Londonist says: The Nightjar - so called after a bird who ventures out under cover of dusk and in the early hours of the morning* - is tucked away in an otherwise unassuming part of Old Street roundabout. Descending a flight of stairs betwixt a Kafeteria beginning with K and a Cafeteria beginning with C will draw you into a modern-day Speakeasy, with room for a library, lounge bar and swing band, decorated with vintage fittings, copper stills and the now ubiquitous (but still rather beautiful) pressed tin "members bar" ceiling. read more
The Handbook says: Just a couple of minutes from Old Street tube, it's tucked behind a very unassuming door – the sort you walk past and never give a second glance; but if you were to stop you'd see a small plaque with a little Nightjar bird on it.
When you step into Nightjar you step back to a time gone by. A time when drinking cocktails wasn't just about happy hours and too many sugary concoctions on a Friday night. It's smart with dark polished wood, low lighting, small (rather too small) tables, leather banquettes and deep red stools. There's a library area and members space with a pressed tin ceiling – there's also space for live music. read more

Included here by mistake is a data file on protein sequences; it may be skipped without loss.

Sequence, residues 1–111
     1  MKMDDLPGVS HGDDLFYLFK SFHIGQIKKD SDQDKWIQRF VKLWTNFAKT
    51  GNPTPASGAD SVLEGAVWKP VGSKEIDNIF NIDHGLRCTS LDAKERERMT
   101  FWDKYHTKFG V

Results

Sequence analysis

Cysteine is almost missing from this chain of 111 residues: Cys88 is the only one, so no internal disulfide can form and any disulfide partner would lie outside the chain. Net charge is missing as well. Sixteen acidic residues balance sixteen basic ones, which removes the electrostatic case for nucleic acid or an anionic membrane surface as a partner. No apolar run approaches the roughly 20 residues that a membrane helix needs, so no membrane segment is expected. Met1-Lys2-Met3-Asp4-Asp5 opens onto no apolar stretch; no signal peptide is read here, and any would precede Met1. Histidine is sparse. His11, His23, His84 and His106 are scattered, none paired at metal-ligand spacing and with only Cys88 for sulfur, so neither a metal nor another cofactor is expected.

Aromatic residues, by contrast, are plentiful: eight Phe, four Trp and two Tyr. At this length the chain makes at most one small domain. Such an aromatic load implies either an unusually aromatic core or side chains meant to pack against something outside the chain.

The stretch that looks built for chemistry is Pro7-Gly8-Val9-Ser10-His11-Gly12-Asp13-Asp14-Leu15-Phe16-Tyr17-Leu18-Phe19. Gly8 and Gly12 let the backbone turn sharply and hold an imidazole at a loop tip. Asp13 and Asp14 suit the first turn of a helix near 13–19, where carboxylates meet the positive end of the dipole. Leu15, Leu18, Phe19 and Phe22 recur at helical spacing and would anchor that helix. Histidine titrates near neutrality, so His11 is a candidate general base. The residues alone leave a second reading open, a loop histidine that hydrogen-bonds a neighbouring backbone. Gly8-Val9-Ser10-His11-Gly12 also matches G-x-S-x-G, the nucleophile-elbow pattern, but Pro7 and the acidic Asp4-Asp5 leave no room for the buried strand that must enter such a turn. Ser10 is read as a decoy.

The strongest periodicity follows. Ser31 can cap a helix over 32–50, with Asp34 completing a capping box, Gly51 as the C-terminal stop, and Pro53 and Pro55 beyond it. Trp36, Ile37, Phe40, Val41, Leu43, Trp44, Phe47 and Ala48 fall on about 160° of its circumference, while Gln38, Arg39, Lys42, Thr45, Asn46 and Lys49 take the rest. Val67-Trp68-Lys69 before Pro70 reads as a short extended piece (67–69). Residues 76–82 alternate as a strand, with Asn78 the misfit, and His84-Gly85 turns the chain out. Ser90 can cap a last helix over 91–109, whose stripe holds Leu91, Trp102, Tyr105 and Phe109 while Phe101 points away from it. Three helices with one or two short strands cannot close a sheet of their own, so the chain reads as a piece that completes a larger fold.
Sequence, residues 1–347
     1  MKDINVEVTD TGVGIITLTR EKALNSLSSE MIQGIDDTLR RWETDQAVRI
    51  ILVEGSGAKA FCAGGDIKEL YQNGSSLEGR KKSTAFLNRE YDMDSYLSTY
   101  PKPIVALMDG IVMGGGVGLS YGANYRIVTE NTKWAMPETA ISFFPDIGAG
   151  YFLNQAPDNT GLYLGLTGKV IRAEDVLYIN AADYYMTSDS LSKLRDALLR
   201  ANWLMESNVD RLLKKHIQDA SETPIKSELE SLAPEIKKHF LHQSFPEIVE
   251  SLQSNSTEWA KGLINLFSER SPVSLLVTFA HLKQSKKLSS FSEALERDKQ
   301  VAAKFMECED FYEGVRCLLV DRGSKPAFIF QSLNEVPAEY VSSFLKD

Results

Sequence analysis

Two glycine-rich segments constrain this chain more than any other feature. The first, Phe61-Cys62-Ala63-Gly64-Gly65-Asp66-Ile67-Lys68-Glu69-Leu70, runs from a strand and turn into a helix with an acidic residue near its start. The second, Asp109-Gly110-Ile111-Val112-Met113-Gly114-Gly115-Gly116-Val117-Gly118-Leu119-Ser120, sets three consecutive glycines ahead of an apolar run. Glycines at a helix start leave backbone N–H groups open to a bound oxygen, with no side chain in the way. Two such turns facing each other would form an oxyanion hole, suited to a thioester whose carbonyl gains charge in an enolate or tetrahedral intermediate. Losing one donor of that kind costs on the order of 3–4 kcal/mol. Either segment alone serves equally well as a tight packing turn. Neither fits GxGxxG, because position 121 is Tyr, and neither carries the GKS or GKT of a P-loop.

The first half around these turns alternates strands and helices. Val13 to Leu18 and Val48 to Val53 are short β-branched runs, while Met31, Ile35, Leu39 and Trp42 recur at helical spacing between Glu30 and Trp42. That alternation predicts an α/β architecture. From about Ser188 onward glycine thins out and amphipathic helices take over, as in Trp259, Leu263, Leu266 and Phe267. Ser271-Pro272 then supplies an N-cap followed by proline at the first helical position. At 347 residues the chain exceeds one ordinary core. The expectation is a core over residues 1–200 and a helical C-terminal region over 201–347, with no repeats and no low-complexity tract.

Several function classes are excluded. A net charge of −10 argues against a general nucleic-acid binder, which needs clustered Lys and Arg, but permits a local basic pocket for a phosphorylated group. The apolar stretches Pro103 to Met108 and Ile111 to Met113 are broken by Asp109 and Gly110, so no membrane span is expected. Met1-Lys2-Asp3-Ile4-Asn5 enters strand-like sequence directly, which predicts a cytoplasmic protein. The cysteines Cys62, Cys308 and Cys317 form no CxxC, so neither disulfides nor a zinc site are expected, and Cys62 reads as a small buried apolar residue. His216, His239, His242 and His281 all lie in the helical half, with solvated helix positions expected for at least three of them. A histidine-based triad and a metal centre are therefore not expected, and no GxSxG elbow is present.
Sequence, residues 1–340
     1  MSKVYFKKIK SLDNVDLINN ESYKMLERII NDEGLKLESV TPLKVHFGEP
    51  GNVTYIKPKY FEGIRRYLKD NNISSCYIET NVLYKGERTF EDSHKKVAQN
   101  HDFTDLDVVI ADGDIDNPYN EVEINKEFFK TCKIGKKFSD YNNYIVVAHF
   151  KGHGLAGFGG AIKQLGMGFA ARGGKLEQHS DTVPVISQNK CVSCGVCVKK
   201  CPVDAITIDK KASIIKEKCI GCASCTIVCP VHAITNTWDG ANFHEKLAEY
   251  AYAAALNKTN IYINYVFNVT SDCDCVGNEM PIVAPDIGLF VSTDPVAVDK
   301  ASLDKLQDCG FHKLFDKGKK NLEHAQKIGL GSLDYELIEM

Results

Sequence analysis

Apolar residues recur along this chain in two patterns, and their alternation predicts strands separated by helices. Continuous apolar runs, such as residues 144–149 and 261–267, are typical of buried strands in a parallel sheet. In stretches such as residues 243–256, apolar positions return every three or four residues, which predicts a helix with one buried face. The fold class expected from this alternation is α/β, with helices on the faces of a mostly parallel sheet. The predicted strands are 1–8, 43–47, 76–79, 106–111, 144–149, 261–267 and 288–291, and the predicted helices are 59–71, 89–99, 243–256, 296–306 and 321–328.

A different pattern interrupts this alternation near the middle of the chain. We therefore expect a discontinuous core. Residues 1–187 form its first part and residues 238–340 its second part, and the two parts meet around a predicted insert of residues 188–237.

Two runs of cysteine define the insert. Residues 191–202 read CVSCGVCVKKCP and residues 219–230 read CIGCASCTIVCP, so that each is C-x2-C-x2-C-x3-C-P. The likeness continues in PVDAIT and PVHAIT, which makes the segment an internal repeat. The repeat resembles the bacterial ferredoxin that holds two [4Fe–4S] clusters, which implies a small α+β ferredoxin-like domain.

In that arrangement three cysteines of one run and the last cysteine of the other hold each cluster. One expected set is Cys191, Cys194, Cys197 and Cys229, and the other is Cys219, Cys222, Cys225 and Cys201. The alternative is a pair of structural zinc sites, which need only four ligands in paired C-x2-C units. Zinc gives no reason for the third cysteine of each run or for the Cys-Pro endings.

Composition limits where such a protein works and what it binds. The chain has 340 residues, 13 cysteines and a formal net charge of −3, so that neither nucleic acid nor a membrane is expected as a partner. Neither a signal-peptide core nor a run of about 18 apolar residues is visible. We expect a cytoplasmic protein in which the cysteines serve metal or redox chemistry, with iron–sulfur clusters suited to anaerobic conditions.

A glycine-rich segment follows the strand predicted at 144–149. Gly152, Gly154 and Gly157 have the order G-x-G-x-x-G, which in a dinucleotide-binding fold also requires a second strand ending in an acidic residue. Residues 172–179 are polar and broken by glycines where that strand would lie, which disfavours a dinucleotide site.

The Nudge says: You'll enter through an unmarked door, head down a darkened staircase and into a genuine, prohibition-era speakeasy.
Through the candlelight and conspiratorial whisperings you'll notice the rose-tinted mirrors, the leather chairs, and the illicit, darkened corners. You'll hear the hum of live jazz emanating from the flat-capped jazz men on stage, and winding its way through the shadows to the bar where Nightjar's award-winning cocktails are created. read more
The Guardian Soulmates says: Nightjar is not your grandfather's speakeasy. For those seeking a furtive or spontaneous jaunt through hidden doors and down innocuous byways, entry into this well-apportioned and slick reincarnation of a bygone Prohibition-era gin joint may disappoint.
The Old Street haunt boasts large double doors manned by an earpiece-wearing doorman who paces guests through the long hallway and down softly lit stairs into the main bar area. Do not lose heart, though – what may be missing in the approach (or demanded by the popularity of the venue) is quickly made up for once you are seated at a table in the cosy bowels of the establishment and plied with a pre-cocktail punch that's delightfully balanced to whet the appetite. read more